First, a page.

Ye’re nae a fittin match for Belle, nor she a match for ee.”
And he sent me packin doun the road wioot a penny o my fee,
Oh come aa ye lads o Cairnie side, a last fareweel tae ee.
Noo Belle has gaen aff wi a tinkler lad and she bides in Huntly toun,
Wi pots and pans and ladles they scour the country roun;
Wi pots and pans and paraffin lamps, aye, and rousers as well,
Aroun aboot be Foggyloan does Bogie’s bonnie Belle.
Sheila Stewart sings Bogie’s Bonnie Belle
A’ Whitsun’s day at Huntly toon ’twas there I did agree
Wi’ auld Bogieside, a fairmer, a sax-month for to fee.
Noo, Bogie was a greedy man and I did know that well,
But he also had a daughter her name was Isabel.
Noo, Belle she wis the bonniest lass in a’ the countryside,
And very soon I lost my hairt to the Belle o’ Bogieside.
For often on a simmer’s nicht I’d wander wi’ my dear,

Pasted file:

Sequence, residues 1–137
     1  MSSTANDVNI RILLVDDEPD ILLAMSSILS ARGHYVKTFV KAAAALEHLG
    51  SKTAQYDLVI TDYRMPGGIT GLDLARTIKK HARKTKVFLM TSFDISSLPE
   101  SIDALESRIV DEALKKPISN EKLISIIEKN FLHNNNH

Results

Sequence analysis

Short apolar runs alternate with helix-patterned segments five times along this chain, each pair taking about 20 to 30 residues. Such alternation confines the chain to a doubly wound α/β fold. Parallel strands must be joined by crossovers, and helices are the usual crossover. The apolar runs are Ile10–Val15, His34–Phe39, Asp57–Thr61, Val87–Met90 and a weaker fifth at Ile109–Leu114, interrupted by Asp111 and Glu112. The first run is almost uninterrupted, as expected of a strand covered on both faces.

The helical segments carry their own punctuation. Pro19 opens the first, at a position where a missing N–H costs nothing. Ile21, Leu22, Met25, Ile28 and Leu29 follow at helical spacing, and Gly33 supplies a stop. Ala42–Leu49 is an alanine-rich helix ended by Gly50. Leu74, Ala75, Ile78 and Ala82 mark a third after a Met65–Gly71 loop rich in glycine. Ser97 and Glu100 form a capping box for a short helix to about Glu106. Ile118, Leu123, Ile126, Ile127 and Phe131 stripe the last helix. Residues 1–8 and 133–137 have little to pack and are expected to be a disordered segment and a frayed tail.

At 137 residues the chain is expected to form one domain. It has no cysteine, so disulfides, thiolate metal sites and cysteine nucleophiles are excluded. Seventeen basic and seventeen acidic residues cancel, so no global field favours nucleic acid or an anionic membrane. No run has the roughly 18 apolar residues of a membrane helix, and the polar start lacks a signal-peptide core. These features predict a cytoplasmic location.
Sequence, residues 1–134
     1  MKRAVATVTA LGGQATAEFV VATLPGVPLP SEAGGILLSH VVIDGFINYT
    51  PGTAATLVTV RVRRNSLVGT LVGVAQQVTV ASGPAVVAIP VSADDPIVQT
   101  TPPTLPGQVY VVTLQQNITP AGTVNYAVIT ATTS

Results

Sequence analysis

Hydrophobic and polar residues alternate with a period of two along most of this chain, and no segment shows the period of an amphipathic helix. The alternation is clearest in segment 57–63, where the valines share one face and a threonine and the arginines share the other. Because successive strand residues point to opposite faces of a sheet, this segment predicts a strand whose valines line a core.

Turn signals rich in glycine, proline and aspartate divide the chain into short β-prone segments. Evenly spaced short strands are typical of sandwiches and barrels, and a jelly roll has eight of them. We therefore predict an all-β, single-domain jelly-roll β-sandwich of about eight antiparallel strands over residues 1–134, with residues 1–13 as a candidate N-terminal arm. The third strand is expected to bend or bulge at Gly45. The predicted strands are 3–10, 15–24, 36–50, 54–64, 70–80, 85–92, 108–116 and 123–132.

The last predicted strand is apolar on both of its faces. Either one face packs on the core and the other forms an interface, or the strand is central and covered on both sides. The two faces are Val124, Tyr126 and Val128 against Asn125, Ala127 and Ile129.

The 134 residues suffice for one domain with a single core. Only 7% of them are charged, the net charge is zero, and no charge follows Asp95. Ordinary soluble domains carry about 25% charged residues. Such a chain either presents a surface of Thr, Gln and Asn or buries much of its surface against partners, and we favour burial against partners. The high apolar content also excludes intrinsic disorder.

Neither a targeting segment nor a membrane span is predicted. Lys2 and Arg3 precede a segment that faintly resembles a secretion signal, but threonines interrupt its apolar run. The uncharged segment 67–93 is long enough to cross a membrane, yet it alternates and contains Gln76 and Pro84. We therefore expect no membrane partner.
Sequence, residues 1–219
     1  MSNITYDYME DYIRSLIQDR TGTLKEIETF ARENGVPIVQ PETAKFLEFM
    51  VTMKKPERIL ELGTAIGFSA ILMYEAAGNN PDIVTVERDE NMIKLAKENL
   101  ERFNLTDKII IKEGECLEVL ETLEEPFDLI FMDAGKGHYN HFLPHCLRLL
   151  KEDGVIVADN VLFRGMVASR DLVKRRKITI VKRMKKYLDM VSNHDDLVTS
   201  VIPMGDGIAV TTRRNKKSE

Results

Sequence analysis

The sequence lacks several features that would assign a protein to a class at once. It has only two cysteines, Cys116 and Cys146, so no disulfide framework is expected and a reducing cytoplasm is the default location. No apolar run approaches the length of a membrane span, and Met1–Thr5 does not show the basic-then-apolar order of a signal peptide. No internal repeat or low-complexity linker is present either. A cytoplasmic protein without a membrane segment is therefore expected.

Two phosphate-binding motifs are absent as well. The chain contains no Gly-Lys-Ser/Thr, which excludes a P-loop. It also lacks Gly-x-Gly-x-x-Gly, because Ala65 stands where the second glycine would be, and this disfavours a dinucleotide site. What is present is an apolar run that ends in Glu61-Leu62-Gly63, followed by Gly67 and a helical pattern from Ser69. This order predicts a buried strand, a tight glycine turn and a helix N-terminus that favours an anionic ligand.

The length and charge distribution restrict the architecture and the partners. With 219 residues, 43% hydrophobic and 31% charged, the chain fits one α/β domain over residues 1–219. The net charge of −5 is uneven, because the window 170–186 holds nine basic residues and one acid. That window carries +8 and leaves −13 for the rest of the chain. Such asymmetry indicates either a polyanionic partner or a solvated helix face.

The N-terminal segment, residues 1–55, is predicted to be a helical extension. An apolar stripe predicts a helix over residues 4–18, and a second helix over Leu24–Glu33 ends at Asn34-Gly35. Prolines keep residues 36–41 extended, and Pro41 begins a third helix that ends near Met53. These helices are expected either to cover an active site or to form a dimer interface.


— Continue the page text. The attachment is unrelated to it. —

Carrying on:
Tae watch the trooties lowpin’ in Bogie’s water clear.
And I’d slipped my airms aroond her waist and the feet frae her did slide
’Twas there I ta’en my will o’ her at Bogie’s bonnie burnside.
Noo, nine long months were past and gone and she brocht forth a son
And aul’ Bogie he did send for me to see what could be done.
I said that I would marry her but, oh no, that wadnae dae,
For I’m nae match for Bogie’s Belle, and she’s nae match for me.
But noo she’s married tae a tinkler chap and she bides in Huntly toon
And wi’ tilly pans and ladles she scoors the country roond.
Oh, maybe she’s gotten a better match for that I cannae tell
But ’twas me that ta’en the maidenhead o’ Bogie’s bonnie Belle.
Rod Paterson of Jock Tamson’s Bairns sings Bogie’s Bonnie Belle
Ae Whitsun morn in Huntly toon ’twas there I did agree
Wi’ Bogie, heid o’ Cairnie, a twelve month for tae fee
Tae drive his twa best horses, and tae cairt and herry and ploo
And dae onything o’ fairmin’ work I very weel could do.